Affluence—not willpower—seems to be what’s behind some kids' capacity to delay gratification.
I think I’ve read about the Marshmallow Test about 10 times in the past year and in no source did it manage to mention the miniscule or highly biased sample of the original study.
Brian Wansink won fame, funding, and influence for his science-backed advice on healthy eating. Now, emails show how the Cornell professor and his colleagues have hacked and massaged low-quality data into headline-friendly studies to “go virally big time.”
This article is painful to read and has some serious implications for both science in general and the issue of repeat-ability. I suspect that this is an easily caught flagrant case and that it probably only scratches the surface. The increased competition in research and the academy is sure to create more cases of this in the future.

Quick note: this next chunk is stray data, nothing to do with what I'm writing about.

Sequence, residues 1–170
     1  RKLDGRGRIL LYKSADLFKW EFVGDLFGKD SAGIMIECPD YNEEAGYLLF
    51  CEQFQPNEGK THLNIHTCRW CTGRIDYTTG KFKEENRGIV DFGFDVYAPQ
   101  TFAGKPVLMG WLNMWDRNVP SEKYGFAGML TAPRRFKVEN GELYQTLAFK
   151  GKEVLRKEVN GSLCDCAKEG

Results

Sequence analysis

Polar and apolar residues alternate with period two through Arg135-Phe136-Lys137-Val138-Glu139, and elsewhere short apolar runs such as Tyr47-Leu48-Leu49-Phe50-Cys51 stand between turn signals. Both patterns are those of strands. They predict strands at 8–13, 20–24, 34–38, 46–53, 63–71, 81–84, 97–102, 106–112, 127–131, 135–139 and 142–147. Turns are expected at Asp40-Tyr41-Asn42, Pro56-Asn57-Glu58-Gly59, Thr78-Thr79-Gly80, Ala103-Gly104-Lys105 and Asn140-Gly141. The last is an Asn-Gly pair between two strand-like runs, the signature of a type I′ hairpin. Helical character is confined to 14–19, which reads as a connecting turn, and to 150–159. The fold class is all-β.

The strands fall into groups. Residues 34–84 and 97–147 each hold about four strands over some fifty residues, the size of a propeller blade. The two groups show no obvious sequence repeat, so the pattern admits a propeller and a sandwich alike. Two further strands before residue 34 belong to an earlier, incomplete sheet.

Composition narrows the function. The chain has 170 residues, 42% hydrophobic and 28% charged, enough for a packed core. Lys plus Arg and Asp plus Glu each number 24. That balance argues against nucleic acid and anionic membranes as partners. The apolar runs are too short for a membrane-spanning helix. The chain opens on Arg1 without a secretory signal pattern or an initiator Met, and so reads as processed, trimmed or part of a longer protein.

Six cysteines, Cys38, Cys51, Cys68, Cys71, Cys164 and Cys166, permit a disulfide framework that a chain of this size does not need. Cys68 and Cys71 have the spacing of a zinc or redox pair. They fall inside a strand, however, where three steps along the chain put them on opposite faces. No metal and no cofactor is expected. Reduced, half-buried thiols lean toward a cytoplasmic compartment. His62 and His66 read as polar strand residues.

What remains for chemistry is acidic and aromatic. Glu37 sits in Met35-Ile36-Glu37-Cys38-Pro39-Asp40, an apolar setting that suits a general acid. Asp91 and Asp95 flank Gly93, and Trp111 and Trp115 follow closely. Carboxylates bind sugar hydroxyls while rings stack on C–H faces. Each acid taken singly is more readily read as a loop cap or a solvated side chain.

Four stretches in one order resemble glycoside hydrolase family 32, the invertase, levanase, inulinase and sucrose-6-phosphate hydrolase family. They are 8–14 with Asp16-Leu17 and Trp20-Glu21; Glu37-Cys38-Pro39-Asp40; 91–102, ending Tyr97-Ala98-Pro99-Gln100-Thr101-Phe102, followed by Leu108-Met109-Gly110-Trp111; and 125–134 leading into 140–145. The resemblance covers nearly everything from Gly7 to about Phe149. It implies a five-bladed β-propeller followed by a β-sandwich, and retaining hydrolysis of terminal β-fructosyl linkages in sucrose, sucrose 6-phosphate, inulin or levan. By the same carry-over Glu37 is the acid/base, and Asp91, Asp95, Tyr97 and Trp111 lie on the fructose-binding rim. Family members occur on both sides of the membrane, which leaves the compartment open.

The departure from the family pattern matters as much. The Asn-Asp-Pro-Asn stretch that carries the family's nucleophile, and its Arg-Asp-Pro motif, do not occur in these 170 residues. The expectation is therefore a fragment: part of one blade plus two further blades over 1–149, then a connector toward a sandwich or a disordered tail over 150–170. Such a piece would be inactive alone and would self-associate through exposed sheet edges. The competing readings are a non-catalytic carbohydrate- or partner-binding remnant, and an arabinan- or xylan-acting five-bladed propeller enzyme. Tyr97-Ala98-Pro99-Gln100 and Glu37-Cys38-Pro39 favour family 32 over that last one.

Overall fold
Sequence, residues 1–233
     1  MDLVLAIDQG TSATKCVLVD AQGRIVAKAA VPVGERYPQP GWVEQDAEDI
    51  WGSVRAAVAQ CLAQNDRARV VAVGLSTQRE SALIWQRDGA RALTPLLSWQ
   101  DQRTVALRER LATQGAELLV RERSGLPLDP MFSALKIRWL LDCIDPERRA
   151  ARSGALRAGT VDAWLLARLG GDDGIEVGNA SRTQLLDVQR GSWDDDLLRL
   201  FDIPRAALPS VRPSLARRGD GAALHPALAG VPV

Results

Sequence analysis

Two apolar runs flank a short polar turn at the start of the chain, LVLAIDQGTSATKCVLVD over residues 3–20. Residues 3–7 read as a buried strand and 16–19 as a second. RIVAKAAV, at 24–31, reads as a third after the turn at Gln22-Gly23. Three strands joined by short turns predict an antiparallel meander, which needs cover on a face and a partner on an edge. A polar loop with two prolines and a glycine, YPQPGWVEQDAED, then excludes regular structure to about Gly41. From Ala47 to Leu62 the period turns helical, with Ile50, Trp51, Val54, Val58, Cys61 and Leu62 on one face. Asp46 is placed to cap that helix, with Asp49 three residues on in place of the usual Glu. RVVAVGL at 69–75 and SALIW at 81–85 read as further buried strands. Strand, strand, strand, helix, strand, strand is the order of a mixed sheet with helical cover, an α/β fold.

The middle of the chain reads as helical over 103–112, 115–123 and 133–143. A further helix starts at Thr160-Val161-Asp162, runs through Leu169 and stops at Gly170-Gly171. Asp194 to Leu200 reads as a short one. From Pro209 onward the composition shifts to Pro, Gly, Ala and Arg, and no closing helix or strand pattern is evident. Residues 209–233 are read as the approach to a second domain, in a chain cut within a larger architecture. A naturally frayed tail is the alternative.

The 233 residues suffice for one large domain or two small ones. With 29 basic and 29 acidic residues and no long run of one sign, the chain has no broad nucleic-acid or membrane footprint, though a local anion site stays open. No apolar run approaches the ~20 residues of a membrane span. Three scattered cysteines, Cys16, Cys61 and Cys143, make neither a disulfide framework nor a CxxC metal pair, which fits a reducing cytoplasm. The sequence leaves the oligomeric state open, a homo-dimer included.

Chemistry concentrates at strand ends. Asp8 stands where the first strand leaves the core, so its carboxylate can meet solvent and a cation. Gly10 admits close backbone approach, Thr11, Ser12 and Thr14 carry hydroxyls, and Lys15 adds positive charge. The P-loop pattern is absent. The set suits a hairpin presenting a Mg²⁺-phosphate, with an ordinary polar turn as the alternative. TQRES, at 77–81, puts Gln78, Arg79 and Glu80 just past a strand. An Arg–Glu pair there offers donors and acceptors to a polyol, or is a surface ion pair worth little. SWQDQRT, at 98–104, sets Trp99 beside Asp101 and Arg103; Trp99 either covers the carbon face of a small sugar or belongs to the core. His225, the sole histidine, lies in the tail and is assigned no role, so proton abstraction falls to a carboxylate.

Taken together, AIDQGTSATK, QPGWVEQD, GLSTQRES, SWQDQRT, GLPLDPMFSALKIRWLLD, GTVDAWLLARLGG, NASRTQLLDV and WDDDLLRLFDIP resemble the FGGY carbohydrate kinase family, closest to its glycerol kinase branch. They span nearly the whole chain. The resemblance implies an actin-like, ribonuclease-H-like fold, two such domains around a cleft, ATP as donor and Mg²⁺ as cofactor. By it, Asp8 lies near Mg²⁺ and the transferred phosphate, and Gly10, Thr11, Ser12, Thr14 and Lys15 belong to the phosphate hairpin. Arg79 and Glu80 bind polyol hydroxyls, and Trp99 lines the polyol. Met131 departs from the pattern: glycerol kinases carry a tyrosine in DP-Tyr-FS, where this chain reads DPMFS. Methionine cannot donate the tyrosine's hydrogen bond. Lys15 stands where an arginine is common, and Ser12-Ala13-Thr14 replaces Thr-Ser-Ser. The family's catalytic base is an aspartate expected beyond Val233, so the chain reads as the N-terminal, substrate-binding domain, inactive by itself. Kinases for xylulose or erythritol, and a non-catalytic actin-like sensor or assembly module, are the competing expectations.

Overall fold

We really need people to begin publishing their negative results and doing a better job on understanding and practicing statistics. Science is already not “believed” by far too many in the United States, we really don’t need bad actors like this eroding the solid foundations we’ve otherwise built.
One of scientists’ favourite statistics — the P value — should face tougher standards, say leading researchers.
The related articles listed at the bottom, many of which I’d previously read, also give some great additional background.